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Central area to stay in Ireland

Dallas, Texas
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Central area to stay in Ireland

We are just beginning to plan our trip to Ireland and our first thought was to stay in Dublin but I keep hearing there is so much more to see. We are thinking of staying in a central location and striking our each day by car to different areas. Is this a good plan? Where would be a good central location to do so?

Limerick, Ireland
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for Limerick, Killarney
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1. Re: Central area to stay in Ireland

Ireland may look small on paper but distances are deceptive here. The average speed off the motorways is about 35mph.

You would be better picking a couple of areas you are interested in and basing yourself there.

For example: Killarney or Kenmare in Kerry; Galway for the West Coast.

How long are you hoping to stay in the country for?

What are your interests?

What time of the year are you travelling?

Answers to the above questions will help people help you further.

Dallas, Texas
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24 posts
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2. Re: Central area to stay in Ireland

We are looking to go next April or May. I'm hoping that is a good time weather-wise? I love taking pictures, history, architecture, and castles. I'd like to get a good feel of the country. Many places we've travelled (London, Paris, Amsterdam) are so diverse and commercialized you don't get the authenticity of the culture.

Limerick, Ireland
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for Limerick, Killarney
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3. Re: Central area to stay in Ireland

Generally April and May are brilliant months to visit and hopefully 2011 will provide us with a nice spring.

The country is sinking in history - in the nicest possible way. And even the bigger cities are more compact than London or Paris or Amsterdam. Furthermore, other than the 1916 rising - which happened in a limited location, you haven't had significant mass destruction of the cities.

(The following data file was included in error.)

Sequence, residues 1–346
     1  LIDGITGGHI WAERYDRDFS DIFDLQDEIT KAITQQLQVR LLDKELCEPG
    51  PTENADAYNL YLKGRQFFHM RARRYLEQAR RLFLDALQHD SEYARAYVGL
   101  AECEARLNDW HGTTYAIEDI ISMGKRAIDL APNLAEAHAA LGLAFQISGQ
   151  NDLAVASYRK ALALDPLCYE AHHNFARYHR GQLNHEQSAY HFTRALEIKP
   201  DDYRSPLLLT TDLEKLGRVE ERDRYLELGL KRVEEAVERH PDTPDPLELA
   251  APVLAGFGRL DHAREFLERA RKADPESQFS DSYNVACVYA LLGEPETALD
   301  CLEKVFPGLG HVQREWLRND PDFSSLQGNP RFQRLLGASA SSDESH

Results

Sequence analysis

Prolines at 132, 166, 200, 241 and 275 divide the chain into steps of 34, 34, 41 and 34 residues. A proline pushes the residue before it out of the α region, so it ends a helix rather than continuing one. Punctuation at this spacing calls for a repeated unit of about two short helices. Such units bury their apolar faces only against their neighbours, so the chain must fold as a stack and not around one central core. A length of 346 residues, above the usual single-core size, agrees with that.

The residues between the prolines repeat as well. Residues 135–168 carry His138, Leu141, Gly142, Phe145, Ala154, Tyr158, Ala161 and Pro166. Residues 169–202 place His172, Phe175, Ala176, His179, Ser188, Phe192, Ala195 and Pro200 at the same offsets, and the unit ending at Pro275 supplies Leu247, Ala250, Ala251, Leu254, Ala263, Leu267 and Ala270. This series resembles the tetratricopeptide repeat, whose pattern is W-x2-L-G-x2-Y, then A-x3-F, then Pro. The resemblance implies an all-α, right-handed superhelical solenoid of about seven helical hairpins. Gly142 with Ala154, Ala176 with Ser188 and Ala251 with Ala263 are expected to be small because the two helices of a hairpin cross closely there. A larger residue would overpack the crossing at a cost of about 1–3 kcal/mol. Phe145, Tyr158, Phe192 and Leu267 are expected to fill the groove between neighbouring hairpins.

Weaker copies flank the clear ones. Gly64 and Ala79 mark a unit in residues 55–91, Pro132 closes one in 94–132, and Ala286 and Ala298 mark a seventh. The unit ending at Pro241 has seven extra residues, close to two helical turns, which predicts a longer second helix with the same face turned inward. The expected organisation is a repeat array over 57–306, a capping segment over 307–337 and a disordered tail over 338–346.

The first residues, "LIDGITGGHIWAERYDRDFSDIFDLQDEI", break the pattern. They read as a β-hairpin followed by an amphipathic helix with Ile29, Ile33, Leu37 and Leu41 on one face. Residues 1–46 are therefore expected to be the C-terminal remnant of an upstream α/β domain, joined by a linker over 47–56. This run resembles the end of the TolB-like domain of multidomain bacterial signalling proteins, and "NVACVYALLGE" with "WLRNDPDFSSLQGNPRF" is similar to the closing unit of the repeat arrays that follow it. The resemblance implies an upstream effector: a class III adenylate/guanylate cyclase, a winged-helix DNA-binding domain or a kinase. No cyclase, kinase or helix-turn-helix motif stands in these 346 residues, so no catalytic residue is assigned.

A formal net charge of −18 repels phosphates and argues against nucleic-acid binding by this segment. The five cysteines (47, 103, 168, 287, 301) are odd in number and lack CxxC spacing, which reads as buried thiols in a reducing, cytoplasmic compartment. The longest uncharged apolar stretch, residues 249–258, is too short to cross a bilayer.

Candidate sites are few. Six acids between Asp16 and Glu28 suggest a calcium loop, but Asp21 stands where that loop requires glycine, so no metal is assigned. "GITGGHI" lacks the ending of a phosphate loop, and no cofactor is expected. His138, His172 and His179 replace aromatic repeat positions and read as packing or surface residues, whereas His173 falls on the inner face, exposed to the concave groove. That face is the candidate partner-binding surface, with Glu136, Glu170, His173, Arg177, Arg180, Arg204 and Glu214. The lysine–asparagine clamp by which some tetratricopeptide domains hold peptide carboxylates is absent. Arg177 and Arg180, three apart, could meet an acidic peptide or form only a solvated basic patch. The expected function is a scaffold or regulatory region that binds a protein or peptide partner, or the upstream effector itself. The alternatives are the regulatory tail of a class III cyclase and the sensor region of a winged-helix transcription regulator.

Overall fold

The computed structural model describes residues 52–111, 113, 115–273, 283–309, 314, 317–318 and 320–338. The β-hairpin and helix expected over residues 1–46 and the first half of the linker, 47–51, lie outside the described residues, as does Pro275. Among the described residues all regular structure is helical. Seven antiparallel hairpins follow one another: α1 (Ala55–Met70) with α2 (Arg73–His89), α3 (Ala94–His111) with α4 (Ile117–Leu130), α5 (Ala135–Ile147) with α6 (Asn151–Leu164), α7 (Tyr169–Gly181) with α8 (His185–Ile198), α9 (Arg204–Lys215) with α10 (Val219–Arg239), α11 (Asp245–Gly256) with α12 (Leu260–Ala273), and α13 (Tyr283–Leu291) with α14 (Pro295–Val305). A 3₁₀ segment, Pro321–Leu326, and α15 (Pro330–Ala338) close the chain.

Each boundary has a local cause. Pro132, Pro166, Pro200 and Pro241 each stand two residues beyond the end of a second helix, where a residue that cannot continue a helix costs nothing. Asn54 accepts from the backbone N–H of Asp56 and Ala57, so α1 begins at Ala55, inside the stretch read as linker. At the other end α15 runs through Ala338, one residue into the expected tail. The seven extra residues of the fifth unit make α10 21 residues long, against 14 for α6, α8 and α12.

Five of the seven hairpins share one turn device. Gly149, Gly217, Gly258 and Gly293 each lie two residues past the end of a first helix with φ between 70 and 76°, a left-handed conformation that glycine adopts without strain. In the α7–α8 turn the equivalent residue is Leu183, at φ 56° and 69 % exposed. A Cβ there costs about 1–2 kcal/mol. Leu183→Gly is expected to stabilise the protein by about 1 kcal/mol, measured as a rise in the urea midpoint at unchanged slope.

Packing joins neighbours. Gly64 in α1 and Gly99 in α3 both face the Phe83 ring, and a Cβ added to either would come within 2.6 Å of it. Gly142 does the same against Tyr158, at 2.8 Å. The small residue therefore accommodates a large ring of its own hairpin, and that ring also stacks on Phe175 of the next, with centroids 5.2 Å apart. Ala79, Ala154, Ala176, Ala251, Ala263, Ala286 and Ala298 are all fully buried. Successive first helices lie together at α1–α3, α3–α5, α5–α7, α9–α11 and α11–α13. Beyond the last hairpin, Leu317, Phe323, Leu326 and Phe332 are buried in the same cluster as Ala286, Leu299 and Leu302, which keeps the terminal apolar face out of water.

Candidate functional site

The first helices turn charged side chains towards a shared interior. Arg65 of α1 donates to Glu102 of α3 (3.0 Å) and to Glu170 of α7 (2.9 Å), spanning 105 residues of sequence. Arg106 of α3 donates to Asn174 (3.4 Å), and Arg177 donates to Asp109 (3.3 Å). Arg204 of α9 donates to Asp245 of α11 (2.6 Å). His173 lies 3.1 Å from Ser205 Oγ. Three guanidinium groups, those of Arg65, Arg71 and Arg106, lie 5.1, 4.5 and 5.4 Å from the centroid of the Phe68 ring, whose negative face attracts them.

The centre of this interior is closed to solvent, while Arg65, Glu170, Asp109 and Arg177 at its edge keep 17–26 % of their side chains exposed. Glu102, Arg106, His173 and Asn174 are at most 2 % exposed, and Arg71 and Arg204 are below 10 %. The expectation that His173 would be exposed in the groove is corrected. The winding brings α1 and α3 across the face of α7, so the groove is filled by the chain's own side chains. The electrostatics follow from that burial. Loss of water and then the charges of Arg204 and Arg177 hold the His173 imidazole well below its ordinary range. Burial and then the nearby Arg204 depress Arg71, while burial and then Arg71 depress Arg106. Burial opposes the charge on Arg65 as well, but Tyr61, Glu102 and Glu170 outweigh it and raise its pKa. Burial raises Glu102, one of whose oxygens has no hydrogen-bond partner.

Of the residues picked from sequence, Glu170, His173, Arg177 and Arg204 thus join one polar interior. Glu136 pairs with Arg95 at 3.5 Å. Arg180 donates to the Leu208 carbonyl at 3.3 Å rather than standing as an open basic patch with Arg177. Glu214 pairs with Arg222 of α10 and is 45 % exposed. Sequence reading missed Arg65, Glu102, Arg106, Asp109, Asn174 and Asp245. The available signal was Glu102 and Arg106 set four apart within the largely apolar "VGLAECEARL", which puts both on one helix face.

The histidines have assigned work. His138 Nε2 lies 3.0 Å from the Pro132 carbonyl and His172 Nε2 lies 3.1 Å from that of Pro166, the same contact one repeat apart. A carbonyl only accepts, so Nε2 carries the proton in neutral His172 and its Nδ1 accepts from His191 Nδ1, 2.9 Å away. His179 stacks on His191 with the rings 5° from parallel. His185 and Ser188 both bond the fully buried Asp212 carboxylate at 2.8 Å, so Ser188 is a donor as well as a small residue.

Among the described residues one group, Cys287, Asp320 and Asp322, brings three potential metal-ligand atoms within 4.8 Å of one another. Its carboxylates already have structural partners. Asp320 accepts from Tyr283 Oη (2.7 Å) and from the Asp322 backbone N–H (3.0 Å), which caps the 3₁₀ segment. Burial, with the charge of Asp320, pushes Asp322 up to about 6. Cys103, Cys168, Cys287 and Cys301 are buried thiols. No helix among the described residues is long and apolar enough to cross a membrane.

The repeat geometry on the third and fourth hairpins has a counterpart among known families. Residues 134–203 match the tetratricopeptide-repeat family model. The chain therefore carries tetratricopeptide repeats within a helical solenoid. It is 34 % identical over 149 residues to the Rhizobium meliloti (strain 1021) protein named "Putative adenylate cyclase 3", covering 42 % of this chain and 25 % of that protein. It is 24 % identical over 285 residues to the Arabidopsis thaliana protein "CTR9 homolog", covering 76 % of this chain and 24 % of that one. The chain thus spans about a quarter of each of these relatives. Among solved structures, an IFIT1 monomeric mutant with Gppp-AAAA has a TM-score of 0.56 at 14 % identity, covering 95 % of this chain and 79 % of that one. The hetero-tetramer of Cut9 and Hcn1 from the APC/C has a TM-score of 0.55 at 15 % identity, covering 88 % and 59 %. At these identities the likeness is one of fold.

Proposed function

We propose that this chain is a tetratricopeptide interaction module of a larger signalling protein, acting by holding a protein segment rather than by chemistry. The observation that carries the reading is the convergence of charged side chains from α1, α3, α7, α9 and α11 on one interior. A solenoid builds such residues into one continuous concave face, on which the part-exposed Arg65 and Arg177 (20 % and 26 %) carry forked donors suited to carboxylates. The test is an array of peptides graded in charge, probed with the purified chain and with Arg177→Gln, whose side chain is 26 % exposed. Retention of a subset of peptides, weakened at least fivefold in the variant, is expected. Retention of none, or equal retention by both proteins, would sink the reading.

The country also has a lot of castles.

When you say "architecture" are you interested in Modern or older?

One of the most wonderful pieces of architecture I think in the country at the moment is the Living Bridge in the University of Limerick. Its Ireland's longest pedestrian bridge and was designed by the Eiffel Engineering Company - yes the same Eiffel as the tower in Paris. The bridge spans two rivers, going from Co. Limerick to Co. Clare and links the health sciences buildings to the main part of the University.

lmkeating.ie/university_of_limerick_living_b…

www.youtube.com/watch…

The bridge also links to the new World Music Centre (unofficially known as the Taj Micheál after Micheál O'Suilleabhán who is head of the centre.)

Bunratty Castle and Folk Park is a restored castle but I think sensitively restored and gives a good representation of a 15th Century Castle. The folk park is a good representation of the lives of the "ordinary" people in times gone by.

April May is also a fabulous time to see the Rhododendrons in Muckross Gardens in Killarney. Actually to be honest, most of the country is looking fabulous at that time.

If you could fly into Dublin and out of Shannon or vice versa, that would give you a nice loop and a good overview of the country.

How long will you be staying?

Dublin, Ireland
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4. Re: Central area to stay in Ireland

If you do a search on the Ireland Forums, you'll see that May is one of the favourite months of Ireland Forum posters, both locals and visitors. Our climate is unpredictable and changeable throughout the year but in May the weather can often be a bit more settled. Days are long (at the end of May it's light until about 10pm) and the countryside is in full, heady bloom. All of the seasonal attractions have reopened by Easter but it's not high season until June, so accommodation prices are generally cheaper and it's not so busy at popular sights and attractions.

We'd recommend deciding on a number of 'hubs' for your trip and using them as a jumping off points to explore the partsof the country that interest you most. Which and how many locations you choose will depend to a large extent on how much time you have to spend here and what your interests and priorities are. By operating from a variety of hubs, you can maximise your time seeing and doing and minimising windscreen time, as well as being able to settle and unpack in one location for a few days at a time.